A young man struggles to access sublimated childhood memories. He finds a technique that allows him to travel back into the past, to occupy his childhood body and change history. However, he soon finds that every change he makes has unexpected consequences.
Ashton Kutcher, the shaggy haired young actor best known for "Dude, Where's My Car?" and dating Demi Moore, stars in a purported thriller that mines the memory loss theme that has been turning up with striking regularity in American movies, from "Memento" to "Paycheck." Mr. Kutcher's character, Evan Treborn, is an earnest college student whose life has been marked by a series of blackouts surrounding traumatic events. Majoring in psychology (he keeps a rat maze in his dorm room), he hopes to discover the reason behind the mysterious black holes in his mind. For reasons the film does not trouble to explain, Evan discovers that, if he reads a few lines from his childhood journals, he will be projected back in time to his traumatic moments, where he will be able to change his behavior in small ways that will make a big difference later on. The overly complicated plotting quickly becomes impossible to follow, while the filmmakers — the writer-directors Eric Bress and J. Mackye Gruber — wallow in some of the most repugnant imagery imaginable: a dog set aflame, a baby blown to bits. — Dave Kehr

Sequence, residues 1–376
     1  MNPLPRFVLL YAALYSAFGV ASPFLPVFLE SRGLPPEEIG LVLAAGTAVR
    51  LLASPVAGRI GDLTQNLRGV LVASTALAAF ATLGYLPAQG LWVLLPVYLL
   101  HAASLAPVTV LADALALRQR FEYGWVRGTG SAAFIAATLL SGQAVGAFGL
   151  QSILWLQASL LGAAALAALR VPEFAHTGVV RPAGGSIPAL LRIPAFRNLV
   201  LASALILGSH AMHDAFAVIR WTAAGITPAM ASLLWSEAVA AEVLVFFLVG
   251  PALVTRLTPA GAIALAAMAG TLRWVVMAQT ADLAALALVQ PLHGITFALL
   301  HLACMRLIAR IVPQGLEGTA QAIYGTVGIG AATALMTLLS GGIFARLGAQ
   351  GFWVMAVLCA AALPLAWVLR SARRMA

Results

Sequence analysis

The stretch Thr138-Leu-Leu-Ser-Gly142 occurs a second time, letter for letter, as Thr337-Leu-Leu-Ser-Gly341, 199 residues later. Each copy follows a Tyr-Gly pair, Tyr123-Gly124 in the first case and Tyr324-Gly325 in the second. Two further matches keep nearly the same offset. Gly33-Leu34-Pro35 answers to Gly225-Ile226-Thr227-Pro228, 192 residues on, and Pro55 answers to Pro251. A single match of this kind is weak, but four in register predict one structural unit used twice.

2004-01-23 | Dave Kehr | Read the New York Times Review of The Butterfly Effect